I have to admit it. I’m a worrier. I worry about my family, my mother, my husband and son. I worry about the economy and people and animals, the future of our country, the food supply. I worry about income and retirement and health. I worry. I worry about many things, some within my control and some not.
Ironically, worry has proven to be quite the motivator for me when combined with an insatiable curiosity about people and life. I don’t think I’m particularly unique when it comes to worrying. Most people I know say they don’t worry at all or they say they worry all the time. But at the end of the day most of us have some level of worry which keeps us up at night. (And the irony is most people over 65 say their biggest regret is spending too much of their lives worrying!)
The difference is, when you go solo you willingly take on a whole other set of worries not often experienced by those who receive a paycheck from an employer every Friday or twice a month. Unlike an employee, you have to worry about where your next paycheck is coming from. And it doesn’t matter if you just received a big pay day which will cover your expenses and a nice vacation over the next month or two. You will always worry about the next check and the next check and the check after that. This is the tough part. This is the part you never learn in law school or even at the law firm where you may have been previously employed.
The reality of being a self-employed attorney is you are living the life of a commissioned sales person. A commissioned sales person is only as good as her next sale. You are only as good as your next paying client.
This reality, that you are only as good as your next paying client, is what does in many a good attorney who goes out on their own. They never seem to be able to rest on their laurels, at least not for very long. Once the euphoria of a big retainer or settlement or verdict wears off, the worry about where the next client or next several clients will come from takes over. Imagine doing this for a significant part of your career? The highs and then the lows and accompanying angst over and over, again? Yet somehow it does work because the world is filled with commissioned sales people and self-employed attorneys.
Knowing this is the BIG worry, create a plan to address it.
When I first started my practice right out of law school with two others we had one golden rule – split our work week into 80% legal work and 20% marketing for new clients. Of course, when you first start out you are most likely marketing 80% of the time and working 20% of the time. This gradually switches over to the percentages I describe in the ‘golden rule’. The most important point in all of this is that you can never NOT market. You must always be working on filling the pipeline with new business so you suffer less angst after your moments of euphoria. This is the hustle. That’s the only way to describe it. You have to always be hustling and this scares many lawyers who contemplate solo practice. This hustle is also what triggers anxiety and, in some, depression. The reality that you are always having to maintain a certain momentum is disconcerting if you don’t know this when you tell yourself your going to go solo. But here’s the kicker; most solos who figure this out early on say they would rather take the angst and keep working on their marketing then ever go back to being an employee. They prefer the roller coaster to the carousel.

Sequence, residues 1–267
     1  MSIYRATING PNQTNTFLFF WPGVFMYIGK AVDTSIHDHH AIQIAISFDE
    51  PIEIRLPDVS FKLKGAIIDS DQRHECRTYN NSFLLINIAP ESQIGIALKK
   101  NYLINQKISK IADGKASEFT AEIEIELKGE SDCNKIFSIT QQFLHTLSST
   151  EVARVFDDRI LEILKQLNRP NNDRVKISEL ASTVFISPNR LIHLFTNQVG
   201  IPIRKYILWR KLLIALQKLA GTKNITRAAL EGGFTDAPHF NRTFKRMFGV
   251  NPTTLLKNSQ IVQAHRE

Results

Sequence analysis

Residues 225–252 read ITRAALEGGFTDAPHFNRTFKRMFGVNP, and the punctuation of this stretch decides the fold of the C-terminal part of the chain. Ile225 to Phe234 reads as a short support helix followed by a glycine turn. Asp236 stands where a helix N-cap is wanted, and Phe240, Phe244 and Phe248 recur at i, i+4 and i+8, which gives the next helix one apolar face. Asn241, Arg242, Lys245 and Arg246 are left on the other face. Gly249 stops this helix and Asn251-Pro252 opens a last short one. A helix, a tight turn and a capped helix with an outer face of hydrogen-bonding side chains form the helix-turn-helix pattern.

What I am here to tell you is that you need to gear yourself up for this reality. You need to accept it going in. You need to know that the lawyers who tell you it’s all word of mouth (WOM) are only telling you half the truth. WOM practices are real. They aren’t unicorns. But this significant achievement happens much further along in the professional life of a successful lawyer. These WOM practices are the brass ring. Having a practice driven 85-100% by referrals means you have arrived. It’s not the beginning or even the middle of the journey. It is the ultimate dream destination.
So, what are you doing today to market your practice? How much time each week do you dedicate to networking? How many times each month have you scheduled to reach out to colleagues to ‘lunch and learn’? Are you on social media to follow thought leaders, engage, and get noticed or are you clicking ‘likes’ on Facebook while posting another selfie? (All the posts in the above links should give you quite an education and help you start fashioning a plan!)
Might I also suggest you take Mark Merenda’s Smart Marketing Course at Solo Practice University? There are more than 22 classes including podcasts and much, much more to help you lay a solid foundation for your marketing. This will keep your angst down and your enthusiasm up, I promise.